Traditionally, courts automatically stopped (“stayed” in legal jargon) people who sued their insurance companies from obtaining copies of claims files, procedural guidelines and other such documents until they first prevailed on their basic, “contract” claim. In cases bearing the earmarks of true “bad faith” this could ultimately require the parties and the courts to hold 2 trials, usually with different juries at greater time and expense to all involved.
Federal courts are not bound to follow the procedure established by state courts and in one of our present cases we noted that a growing trend among federal courts is now changing the time-honored state procedure and, on a case-by-case basis (depending on the facts) simultaneous discovery of “bad faith” issues is being allowed. We brought these cases and the trend that they seem to be establishing to the attention of a United States District Court Judge (William Smith) in Rhode Island and he, in a thoughtful decision, has agreed with the newer federal approach and held that stopping or “staying” discovery of bad faith issues should no longer occur automatically. Rather, he points out several criteria to be considered and held that this issue should be determined on and in view of the facts and type of each individual case.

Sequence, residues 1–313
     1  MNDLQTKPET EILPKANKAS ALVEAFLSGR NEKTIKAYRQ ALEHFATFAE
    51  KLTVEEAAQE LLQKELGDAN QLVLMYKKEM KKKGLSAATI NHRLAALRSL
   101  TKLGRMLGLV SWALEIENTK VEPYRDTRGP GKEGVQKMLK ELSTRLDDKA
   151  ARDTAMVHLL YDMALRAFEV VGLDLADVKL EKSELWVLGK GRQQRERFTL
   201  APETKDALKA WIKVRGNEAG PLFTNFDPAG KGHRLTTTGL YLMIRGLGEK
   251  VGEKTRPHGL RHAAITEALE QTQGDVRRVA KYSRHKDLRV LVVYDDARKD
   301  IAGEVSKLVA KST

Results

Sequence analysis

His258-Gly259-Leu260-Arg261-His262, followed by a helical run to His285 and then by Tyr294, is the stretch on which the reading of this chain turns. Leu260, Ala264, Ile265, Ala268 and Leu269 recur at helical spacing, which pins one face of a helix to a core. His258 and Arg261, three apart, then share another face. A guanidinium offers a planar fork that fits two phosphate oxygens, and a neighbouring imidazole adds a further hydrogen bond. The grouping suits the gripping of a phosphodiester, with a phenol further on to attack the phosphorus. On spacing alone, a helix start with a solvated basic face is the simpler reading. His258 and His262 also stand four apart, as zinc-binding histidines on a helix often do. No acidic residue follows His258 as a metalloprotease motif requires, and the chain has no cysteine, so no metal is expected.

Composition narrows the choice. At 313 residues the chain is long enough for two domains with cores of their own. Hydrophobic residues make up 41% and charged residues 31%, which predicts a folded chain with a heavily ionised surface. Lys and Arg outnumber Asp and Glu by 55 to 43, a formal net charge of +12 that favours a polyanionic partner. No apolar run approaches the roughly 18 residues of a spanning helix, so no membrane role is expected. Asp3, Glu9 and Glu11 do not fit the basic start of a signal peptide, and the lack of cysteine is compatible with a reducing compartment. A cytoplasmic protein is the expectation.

John Reilly & Associates is pleased to have received this ruling on behalf of one of our valued clients and the full text of the order appears below. Visit us on the web for more interesting news and cases.
Full text of order respecting stay of “bad faith” discovery in PDF format. Adobe Acrobat Reader required (free download).